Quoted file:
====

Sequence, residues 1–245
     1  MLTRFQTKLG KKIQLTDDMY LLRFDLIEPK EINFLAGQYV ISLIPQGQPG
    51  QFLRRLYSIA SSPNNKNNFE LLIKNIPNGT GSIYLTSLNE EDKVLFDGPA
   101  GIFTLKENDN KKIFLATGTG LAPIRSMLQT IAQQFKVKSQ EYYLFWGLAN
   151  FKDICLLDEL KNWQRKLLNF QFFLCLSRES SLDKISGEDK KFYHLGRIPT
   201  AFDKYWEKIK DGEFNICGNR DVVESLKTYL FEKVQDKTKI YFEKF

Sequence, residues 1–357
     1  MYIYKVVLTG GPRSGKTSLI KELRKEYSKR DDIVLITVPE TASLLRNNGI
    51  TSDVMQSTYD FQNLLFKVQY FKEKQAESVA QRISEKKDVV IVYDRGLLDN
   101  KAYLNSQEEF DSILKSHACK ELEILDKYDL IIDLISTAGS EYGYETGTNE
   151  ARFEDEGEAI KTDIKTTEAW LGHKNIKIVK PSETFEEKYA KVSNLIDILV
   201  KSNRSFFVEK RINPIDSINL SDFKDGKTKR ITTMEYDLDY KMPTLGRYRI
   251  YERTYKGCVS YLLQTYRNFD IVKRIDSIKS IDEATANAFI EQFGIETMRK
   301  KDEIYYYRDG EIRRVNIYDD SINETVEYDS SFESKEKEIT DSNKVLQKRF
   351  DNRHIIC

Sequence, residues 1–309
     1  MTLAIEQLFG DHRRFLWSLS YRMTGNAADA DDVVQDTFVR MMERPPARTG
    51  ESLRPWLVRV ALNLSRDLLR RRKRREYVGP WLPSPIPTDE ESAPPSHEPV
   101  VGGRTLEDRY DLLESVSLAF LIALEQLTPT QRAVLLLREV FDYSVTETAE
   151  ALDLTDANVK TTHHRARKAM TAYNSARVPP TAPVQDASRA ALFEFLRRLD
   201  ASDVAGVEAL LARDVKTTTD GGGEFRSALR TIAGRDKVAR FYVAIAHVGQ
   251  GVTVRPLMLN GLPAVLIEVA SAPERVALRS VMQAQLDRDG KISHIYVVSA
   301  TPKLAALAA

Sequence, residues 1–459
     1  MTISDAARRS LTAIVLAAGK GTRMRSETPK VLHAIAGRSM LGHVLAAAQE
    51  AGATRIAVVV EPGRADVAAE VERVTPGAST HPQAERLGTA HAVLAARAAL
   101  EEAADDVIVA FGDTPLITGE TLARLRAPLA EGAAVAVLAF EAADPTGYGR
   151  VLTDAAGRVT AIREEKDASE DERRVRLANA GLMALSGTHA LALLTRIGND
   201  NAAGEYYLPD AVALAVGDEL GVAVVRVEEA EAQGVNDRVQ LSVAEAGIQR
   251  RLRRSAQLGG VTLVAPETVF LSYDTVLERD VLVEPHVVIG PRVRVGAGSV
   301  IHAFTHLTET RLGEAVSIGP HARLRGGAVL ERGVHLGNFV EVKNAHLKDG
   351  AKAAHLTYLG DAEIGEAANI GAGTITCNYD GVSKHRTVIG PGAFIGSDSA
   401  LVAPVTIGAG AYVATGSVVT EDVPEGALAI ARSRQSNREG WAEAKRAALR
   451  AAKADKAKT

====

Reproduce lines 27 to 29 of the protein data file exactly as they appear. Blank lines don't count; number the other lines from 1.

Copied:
   101  EEAADDVIVA FGDTPLITGE TLARLRAPLA EGAAVAVLAF EAADPTGYGR
   151  VLTDAAGRVT AIREEKDASE DERRVRLANA GLMALSGTHA LALLTRIGND
   201  NAAGEYYLPD AVALAVGDEL GVAVVRVEEA EAQGVNDRVQ LSVAEAGIQR